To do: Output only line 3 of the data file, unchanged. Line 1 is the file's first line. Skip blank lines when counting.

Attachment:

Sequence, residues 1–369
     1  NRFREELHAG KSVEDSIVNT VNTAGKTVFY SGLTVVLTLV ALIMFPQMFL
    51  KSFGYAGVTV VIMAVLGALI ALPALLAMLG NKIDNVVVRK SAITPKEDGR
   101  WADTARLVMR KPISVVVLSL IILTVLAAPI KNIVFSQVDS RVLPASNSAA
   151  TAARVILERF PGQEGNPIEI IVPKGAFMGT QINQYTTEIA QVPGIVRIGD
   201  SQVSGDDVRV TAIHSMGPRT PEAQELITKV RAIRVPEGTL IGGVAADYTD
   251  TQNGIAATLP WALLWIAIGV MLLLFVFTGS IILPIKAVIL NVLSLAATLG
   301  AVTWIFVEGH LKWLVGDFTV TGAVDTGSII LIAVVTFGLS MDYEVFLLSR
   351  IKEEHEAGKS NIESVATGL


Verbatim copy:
    51  KSFGYAGVTV VIMAVLGALI ALPALLAMLG NKIDNVVVRK SAITPKEDGR